I’m not sure that the technologies are the greatest impediment to making this work. I think it’sa combination of a few things… off the top of my head…
The notion that content is something that derives from the educator and the institution rather than through a negotiation process –> tough to continue if the focus of the course is on the content pre-described
Student ownership of their own content –> difficult to continue a discussion when the main interaction is in a closed environment
Educational goals –> if a course has a set ‘endpoint’ a test that needs to be passed, it defines a point at which learning has been ‘accomplished’.
… to which I replied …
Dave and I touched on this topic during EdTechWeekly this past Sunday and I just wanted to add a twist to Dave’s #2 (Student ownership of their own content) which gets into the pay-it-forward / reciprocity issue. I would guess most of us have been incredibly impressed with Alec’s ability to get his students to not only drink from the social networking fountain (lurk), but to also prime the pump by sharing their own work (pay-it-forward). Yet, in my experience as a student who has striven to create and maintain my own PLE (of sorts .. depending on your definition) for many years, I see strong resistance from students to put their own work “out there” … for many reasons (time commitment, fear of instructor’s / institution’s view on sharing work with others, etc.), but largely due to the fear that they are showing the world what they don’t know.Through my masters and doctoral program, I have maintained a drupal site to both capture for myself and share with others my reflections of both in and out of class experiences, papers, projects, etc. and have heard many times from peer students that they access my work. Yet, when I remind them my desire in sharing my PLE is to foster some type of “pay-it-forward” reciprocity model where you give back as payment for receiving, the response is a consistent, “No way.” So, circling back to Dave’s #2 bullet point, the issue of student ownership extends to what students “do” with what they own (hide it, toss it, share it …)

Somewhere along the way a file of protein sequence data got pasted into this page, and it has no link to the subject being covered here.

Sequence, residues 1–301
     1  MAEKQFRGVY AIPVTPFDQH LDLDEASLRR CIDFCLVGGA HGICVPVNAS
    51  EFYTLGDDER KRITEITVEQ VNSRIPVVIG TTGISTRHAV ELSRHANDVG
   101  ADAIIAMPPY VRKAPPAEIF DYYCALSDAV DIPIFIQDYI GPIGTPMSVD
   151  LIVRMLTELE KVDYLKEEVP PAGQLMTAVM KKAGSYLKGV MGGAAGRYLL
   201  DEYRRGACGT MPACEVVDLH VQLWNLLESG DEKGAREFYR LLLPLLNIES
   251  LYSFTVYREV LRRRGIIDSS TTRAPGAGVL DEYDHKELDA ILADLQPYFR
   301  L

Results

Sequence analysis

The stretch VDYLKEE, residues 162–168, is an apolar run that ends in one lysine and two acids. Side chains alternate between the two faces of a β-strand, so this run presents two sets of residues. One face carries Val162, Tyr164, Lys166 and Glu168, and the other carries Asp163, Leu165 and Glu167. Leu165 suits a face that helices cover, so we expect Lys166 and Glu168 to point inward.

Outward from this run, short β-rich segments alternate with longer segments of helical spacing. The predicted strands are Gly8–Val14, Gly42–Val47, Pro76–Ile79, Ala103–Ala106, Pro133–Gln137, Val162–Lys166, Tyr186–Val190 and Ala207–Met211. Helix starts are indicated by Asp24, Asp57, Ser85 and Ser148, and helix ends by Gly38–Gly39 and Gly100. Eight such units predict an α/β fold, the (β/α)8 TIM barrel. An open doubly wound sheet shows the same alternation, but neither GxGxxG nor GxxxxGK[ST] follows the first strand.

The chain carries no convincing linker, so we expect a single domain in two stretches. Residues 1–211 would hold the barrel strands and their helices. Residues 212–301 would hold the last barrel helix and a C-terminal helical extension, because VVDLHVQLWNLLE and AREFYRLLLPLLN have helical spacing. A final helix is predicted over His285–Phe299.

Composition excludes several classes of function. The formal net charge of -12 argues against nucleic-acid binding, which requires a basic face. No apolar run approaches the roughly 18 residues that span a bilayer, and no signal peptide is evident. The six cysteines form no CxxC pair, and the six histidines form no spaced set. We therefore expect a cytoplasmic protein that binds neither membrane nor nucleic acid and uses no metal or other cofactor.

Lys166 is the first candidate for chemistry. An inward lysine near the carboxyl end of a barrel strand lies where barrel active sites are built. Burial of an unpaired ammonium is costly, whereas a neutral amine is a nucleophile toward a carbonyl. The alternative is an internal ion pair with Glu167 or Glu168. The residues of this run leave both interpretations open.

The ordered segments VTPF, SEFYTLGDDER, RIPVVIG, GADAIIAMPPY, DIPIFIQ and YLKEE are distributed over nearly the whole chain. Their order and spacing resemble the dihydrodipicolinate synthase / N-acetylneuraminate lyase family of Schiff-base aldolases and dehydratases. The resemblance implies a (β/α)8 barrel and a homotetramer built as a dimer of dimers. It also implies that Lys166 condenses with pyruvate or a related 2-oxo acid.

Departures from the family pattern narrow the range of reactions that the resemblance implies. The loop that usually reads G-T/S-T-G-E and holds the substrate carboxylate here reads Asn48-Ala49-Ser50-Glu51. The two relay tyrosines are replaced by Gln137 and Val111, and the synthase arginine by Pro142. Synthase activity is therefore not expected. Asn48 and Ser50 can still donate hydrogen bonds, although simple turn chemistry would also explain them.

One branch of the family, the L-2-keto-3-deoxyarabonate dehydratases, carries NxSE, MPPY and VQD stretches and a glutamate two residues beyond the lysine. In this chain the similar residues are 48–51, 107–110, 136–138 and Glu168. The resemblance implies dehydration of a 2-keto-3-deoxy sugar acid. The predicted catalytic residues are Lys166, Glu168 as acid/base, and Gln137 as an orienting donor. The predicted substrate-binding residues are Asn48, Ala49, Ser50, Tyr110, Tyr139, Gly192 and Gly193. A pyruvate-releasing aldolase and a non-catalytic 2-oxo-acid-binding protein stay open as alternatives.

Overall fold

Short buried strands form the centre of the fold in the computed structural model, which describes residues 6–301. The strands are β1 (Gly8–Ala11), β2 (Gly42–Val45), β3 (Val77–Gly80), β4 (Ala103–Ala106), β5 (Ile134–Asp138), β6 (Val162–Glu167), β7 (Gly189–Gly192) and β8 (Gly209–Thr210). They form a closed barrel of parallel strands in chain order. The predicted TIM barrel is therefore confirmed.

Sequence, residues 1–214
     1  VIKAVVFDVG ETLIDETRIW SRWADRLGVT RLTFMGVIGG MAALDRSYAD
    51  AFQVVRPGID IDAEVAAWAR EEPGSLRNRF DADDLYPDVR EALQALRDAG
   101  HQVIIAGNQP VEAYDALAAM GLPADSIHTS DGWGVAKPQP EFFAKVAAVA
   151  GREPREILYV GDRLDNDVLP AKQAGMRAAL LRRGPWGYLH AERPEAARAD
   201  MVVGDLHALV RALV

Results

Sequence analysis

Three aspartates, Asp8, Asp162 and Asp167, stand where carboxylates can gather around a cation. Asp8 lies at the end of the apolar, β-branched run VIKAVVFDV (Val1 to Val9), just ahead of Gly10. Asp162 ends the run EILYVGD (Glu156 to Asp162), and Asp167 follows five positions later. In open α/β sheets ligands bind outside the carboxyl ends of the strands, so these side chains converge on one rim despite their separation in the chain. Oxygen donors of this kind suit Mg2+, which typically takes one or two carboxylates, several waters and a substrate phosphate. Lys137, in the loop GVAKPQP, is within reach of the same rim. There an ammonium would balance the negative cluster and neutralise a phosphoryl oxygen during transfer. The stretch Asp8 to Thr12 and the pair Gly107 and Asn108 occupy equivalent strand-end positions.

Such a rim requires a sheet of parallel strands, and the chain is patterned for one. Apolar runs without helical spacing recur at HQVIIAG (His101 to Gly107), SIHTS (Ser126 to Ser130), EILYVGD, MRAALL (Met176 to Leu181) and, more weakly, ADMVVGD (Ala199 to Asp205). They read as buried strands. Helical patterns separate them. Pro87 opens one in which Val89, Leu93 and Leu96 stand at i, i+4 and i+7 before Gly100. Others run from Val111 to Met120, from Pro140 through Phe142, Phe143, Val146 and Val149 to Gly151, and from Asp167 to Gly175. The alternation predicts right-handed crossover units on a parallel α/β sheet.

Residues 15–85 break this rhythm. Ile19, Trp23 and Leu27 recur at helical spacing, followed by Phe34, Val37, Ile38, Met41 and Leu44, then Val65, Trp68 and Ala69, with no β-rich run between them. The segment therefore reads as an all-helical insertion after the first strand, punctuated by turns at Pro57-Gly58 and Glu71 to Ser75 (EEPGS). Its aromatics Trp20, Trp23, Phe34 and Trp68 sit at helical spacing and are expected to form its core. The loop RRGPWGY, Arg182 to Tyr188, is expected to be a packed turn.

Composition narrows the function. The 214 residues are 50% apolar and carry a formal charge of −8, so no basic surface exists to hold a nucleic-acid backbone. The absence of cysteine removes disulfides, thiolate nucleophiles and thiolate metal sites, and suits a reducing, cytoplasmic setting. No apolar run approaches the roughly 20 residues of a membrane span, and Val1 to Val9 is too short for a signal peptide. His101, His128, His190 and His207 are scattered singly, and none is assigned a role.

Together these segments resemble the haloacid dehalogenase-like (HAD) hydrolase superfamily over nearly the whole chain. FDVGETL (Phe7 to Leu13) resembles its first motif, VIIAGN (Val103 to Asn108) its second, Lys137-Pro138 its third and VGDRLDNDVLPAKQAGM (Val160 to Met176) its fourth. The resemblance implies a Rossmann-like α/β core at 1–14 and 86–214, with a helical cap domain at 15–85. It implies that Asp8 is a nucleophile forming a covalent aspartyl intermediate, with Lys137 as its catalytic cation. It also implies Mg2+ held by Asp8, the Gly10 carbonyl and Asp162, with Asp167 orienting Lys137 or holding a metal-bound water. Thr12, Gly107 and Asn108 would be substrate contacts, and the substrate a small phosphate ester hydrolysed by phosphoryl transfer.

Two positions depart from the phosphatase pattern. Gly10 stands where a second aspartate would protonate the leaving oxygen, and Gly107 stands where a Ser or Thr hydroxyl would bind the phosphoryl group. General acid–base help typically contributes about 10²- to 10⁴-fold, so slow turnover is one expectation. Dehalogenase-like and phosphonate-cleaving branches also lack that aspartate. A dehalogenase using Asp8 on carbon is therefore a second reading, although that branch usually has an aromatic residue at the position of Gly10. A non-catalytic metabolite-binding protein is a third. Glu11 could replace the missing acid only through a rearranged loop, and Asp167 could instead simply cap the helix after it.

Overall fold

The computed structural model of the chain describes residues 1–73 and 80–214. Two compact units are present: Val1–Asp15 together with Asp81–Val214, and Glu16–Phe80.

ABC Insurance Company To: I.M. Da’man, National Underwriting Manager From: Jennifer Maddrell, Associate Underwriting Manager Date: 06/28/2008 Re: Underwriting Division Knowledge Management Proposal Confirming your request and our prior conversations, the following proposal highlights recommendations to create a knowledge management program within the ABC Insurance Company Underwriting division. As the Associate Underwriting Officer in the home office, I am in a position to evaluate how the Underwriting division is missing opportunities to generation, share, and collect knowledge across our eight regional underwriting offices. Through a knowledge management plan that is integrated with the core business operations of our division, we will be able to map our existing knowledge and expertise, manage the creation of new knowledge, and facilitate the transfer of knowledge across our 45 field office underwriters. This proposal highlights how we are losing by not having a formal knowledge management process in place, what we have to gain by implementing one, and details regarding the proposed knowledge management implementation plan. How We Are Losing Knowledge management can be tied directly to our profitability. By not effectively managing our knowledge, we are not maximizing our revenue potential or effectively controlling expenses. The following highlights four aspects of our current process of managing our division’s knowledge which result in lost revenue or increased expenses. As will be outlined later in this proposal, all of these areas can be addressed through better knowledge management practices. Innovation not tied to business planning process. While we have a comprehensive business planning process in which our each region’s annual financial goals are set, measured, and rewarded, innovation and knowledge creation is not tied to this process. While I’m sure everyone would agree Page 1 that innovation, knowledge creation, and knowledge sharing are all essential to our attainment of goals, too often we leave to chance that “someone” or “some key people” will take the initiative to find solutions to achieve our financial goals. Inevitably, we are missing business and revenue opportunities and increasing expenses by not identifying during the annual planning process what knowledge and innovation we need to achieve our business goals and where the required knowledge and expertise resides within our organization. Redundant effort. Tied to above, regional managers are duplicating their efforts as they attempt to reach their annual goals. Often a manager in one region is not aware of the creative initiatives other managers are taking to generate new business and retain customers. In addition, individual underwriters are seeking answers to complex business issues on a daily basis, but they are not benefiting from the knowledge that already exists with underwriters in other offices. This lack of awareness of what knowledge and expertise exists within the division results in a drain on division resources. We are paying people to find solutions to business problems that have already been solved elsewhere in the division. Knowledge gaps following turnover. While we are fortunate to have relatively low employee turnover rates compared to our competitors, institutional knowledge is lost when key people leave or take on different roles. Unfortunately, when underwriters retire or leave the company, new or existing underwriters are not benefiting from their experience and knowledge. Without a formal knowledge management plan, knowledge is not shared and we are finding solutions for the same issues and problems over and over all across the country. Our employees are forced to start from the scratch to solve problems which have already been addressed by underwriters in other positions or no longer with the company. Page 2 Wasted training initiatives. By not effectively linking our knowledge needs to our critical business goals and by not sharing our existing knowledge across divisions, it is very likely that much of our existing formal training is not focused on our true division wide knowledge and skill gaps. The thousands of dollars we spend in unnecessary training programs could be spent in either training programs tied to our business needs or initiatives to capture, create, and transfer the existing knowledge within our division. How We Will Gain Given these missed revenue opportunities and increased expenses, we need to find ways to be more strategic in how we create, share, and codify our knowledge around our central business goals. By doing so, we will gain in the following areas. Increased business. Managing our existing and needed knowledge will allow us to better target areas where we must innovate or share knowledge in order to meet our overall business goals. Further, as discussed below, utilizing more of the available features in our content management system will help employees find sources of knowledge and expertise and will enable our employees to connect on ideas to reach and retain customers. In implementing these steps, we will increase business by capitalizing on the existing knowledge within our organization. Bridge knowledge holes. Within our large division, it is likely that underwriters in one region can have their questions answered by members in other region. However, at the present time, most of our employees do not know staff members in other offices. Therefore, effective knowledge management practices will help us to bridge knowledge gaps in our organization by allowing us to create, share, and codify knowledge crucial to our business from various pockets across the division. In addition, all employees, including new employees trying to establish themselves within our Page 3 organization, will have a better understanding of our vital business processes and how to find people and resources to help them meet their goals. Accountability. We must move beyond a “hit or miss” process of innovation. By having our knowledge management tied to measurable business goals within our business planning process, we add accountability and responsibility for innovation and knowledge sharing. Proposed Knowledge Management Plan The proposed knowledge management plan that follows focuses on the people, practices, and resources needed for implementation. This first iteration of the plan focuses on two initiatives that will assist us in achieving our strategic business objectives. The expectation is that we will build on these two important initiatives in the future. Initiative 1 – Integrate Knowledge Management into Formal Planning Cycle During our existing annual financial and operating planning cycle, regional managers are required to lay out their financial and operating plan to reach each of their given business goals. These business plans are then aggregated within the division wide plan. Currently, these plans focus on key financial and operating elements, such as the region’s staffing, budget, and client marketing initiatives. While these plans are effective at qualifying and quantifying such financial and operational factors, there is generally little focus on the required knowledge and innovation needed to attain the goals. For the reasons stated previously, this is resulting is lost revenue, lost opportunities, and increased expenses. It is proposed that the regional and divisional business plans include a section dedicated to knowledge management. Given that knowledge is one of our largest assets and sources of future revenue, it is logical to manage it within our traditional planning process. Therefore, it is Page 4 recommended that the following areas be assessed and documented within the regional and division wide annual business plans. Existing and needed knowledge to reach goals. The regional managers will provide an assessment of the current and needed knowledge to attain each major business goal within their business plan. At the division level, this information will be aggregated within the divisional plan. Assessing and capturing this information will allow us to begin the process of codifying fundamental knowledge areas required to run our operations. As discussed below, these vital knowledge areas will be codified in greater detail in a knowledge mapping initiative. Key people with expertise to drive attainment of that goal. The regional mangers will also provide an assessment of key people within the region who will be assigned to work on each business goal. By capturing this information within each regional plan, the division will be in a better position to identify and track key staff members with expertise in our core business areas. How the knowledge will be effectively and efficiently shared across regions. Part of the process of identifying crucial areas of knowledge and expertise is contemplating synergies and overlap across the division. As noted previously, regional offices are largely fighting the same business battles each year. Therefore, the division wide plan will consider the knowledge held, the knowledge needed, and key people within each of the regional offices. From this assessment, the division wide business plan will provide recommendations to regional mangers on ways to connect and share knowledge with others across the division. Training initiatives. Based on the areas where knowledge gaps are identified, the division plan will incorporate an evaluation of needed formal training initiatives. As noted previously, this will allow us to tailor training programs to our identified business needs. Page 5 Initiative 2 – Map knowledge in crucial business areas Based on the outcome of Initiative 1, we will have a solid understanding of the essential knowledge required to manage our primary business goals. However, the information contained within the planning documents will be little more than an outline of the significant knowledge areas. The following recommendations are made to help us more formally map and codify the knowledge and expertise needed to run our business. Augment our existing content management system. Currently, our employees rely heavily on our content management system built on the Drupal open source platform. The latest usage reports from the Information Technology department show that our underwriters log into the Drupal system multiple times during the day to look up current copies of client contracts and other insurance coverage documents stored on the system. However, we are only utilizing a small portion of functionality available to us within the content management system. While we have access to other features, such as discussion forums and collaborative wikis, we have not explored ways to use them to help manage our business. Create employee profile pages. To that end, it is recommended that employees be required to create brief biographies on their Drupal account profile pages. Each biography should briefly describe the employee’s core job function, educational and professional background, and areas of underwriting expertise. In addition, when employees update and save their biography, they will be prompted with a list of predefined word identifiers which will allow them to select “tags” for their profile. This tagging feature will allow anyone in the division to pull a roster of employees based on a search of the key word tags. Employees will be encouraged to refer to these profile pages and the categories of tags when they have questions and need to connect with others on important issues. For example, if someone has a question about liquor liability Page 6 coverage, he or she could search within the account profile tags to see what employees in the division have tagged “liquor liability” as an area of expertise. The profile database will also assist management in assessing whether the existing staff includes employees with expertise in our core knowledge areas. Given that the profile database will only be valuable if it is accurate and current, it is recommended that the employee profile page be reviewed at each annual performance review to ensure that it accurately reflects the employee’s job function and expertise. Create books of knowledge. As will be identified within the annual planning documents, there are key areas of knowledge essential for managing our operations. As part of the knowledge mapping process, it is recommended that identified key employees be assigned the responsibility of moderating the creation of Drupal based wiki Books of Knowledge around central business processes and current business initiatives. The employee moderator in charge of each Book of Knowledge will be asked to encourage others to participate in the initial creation and ongoing maintenance of the wiki book. The Books of Knowledge should contain at a minimum the central aspects of the topic, principal contacts associated with the topic, and available resources within the division related to the topic. It is recommended that the assigned employee moderator’s formal job description be amended to include this role so that his or her performance as moderator can be evaluated and rewarded during performance reviews. Foster virtual water cooler discussions. Given that employees are geographically dispersed, there is little opportunity for informal water cooler chats with peer outside of each regional office. Therefore, it is recommended that the discussion forum feature within Drupal be enabled to facilitate posting of questions to the group and responses with suggestions. The resulting forum threads will also serve as a Frequently Asked Question (FAQ) database. As noted Page 7 previously, if one person has the question or issue, it is likely someone else within the division will run into that problem in the future. Concluding Thoughts At this point, you may wonder whether employees will balk at participating in these knowledge management initiatives. Employees will find it to be “just another chore” of the job if they do not find value in the process. However, if the initiatives offer them valuable connections to people, information, and resources, it will likely foster knowledge co-creation across departments and functional areas. As noted, knowledge is an asset that we must effectively manage. Otherwise, we will lose profit either from lost revenue opportunities or increased expenses. Central to the success of this proposed plan is the linkage to existing business operations. This linkage gives management a better understanding of the key business issues employees are working on and may be struggling to solve. This knowledge management plan should not be considered a roll out of an “end all” solution. Rather, it is important first step to tie knowledge management to our existing business planning processes and content management system usage. Further, in order to be effective, these recommendations must be undertaken and supported through all levels within the division. In order to promote widespread adoption, senior managers must demonstrate their support through action. They should monitor and reward the knowledge management outcomes as carefully as another planning goal. In addition, all managers should contribute to the content management system by adding their own profiles and by making occasional contributions and referrals to the wiki Books of Knowledge or the virtual water cooler. Finally, and most importantly, an environment of trust must be fostered during knowledge creation and sharing. It is critical to recognize that as part of this plan, employees and managers will Page 8 be asked to identify and critically assess gaps of knowledge and to publicly seek help to overcome these gaps. If employees or managers feel their opinions, contributions, or questions will be held against them, they will simply stop contributing. I look forward to continuing our conversation on this plan. Please let me know if I can provide additional detail or answer any questions. Thank you for your consideration. Page 9